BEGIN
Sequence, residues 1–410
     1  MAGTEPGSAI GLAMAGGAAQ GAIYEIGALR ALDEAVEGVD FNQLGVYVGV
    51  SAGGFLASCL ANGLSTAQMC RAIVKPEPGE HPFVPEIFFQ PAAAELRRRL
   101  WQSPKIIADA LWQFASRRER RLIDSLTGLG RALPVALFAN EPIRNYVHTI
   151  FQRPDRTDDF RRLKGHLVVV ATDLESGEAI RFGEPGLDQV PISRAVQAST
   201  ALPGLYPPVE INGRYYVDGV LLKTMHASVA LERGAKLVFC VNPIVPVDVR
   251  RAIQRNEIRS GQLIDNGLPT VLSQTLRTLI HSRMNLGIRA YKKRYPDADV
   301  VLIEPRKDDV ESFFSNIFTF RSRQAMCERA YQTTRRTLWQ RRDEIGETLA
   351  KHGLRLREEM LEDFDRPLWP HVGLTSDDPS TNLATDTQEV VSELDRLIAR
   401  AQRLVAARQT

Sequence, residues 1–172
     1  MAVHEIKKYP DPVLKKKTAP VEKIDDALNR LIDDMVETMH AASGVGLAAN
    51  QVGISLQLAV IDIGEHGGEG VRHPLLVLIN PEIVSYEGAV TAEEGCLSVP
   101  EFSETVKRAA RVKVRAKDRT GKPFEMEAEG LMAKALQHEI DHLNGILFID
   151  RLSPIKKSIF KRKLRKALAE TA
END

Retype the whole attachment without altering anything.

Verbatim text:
Sequence, residues 1–410
     1  MAGTEPGSAI GLAMAGGAAQ GAIYEIGALR ALDEAVEGVD FNQLGVYVGV
    51  SAGGFLASCL ANGLSTAQMC RAIVKPEPGE HPFVPEIFFQ PAAAELRRRL
   101  WQSPKIIADA LWQFASRRER RLIDSLTGLG RALPVALFAN EPIRNYVHTI
   151  FQRPDRTDDF RRLKGHLVVV ATDLESGEAI RFGEPGLDQV PISRAVQAST
   201  ALPGLYPPVE INGRYYVDGV LLKTMHASVA LERGAKLVFC VNPIVPVDVR
   251  RAIQRNEIRS GQLIDNGLPT VLSQTLRTLI HSRMNLGIRA YKKRYPDADV
   301  VLIEPRKDDV ESFFSNIFTF RSRQAMCERA YQTTRRTLWQ RRDEIGETLA
   351  KHGLRLREEM LEDFDRPLWP HVGLTSDDPS TNLATDTQEV VSELDRLIAR
   401  AQRLVAARQT

Sequence, residues 1–172
     1  MAVHEIKKYP DPVLKKKTAP VEKIDDALNR LIDDMVETMH AASGVGLAAN
    51  QVGISLQLAV IDIGEHGGEG VRHPLLVLIN PEIVSYEGAV TAEEGCLSVP
   101  EFSETVKRAA RVKVRAKDRT GKPFEMEAEG LMAKALQHEI DHLNGILFID
   151  RLSPIKKSIF KRKLRKALAE TA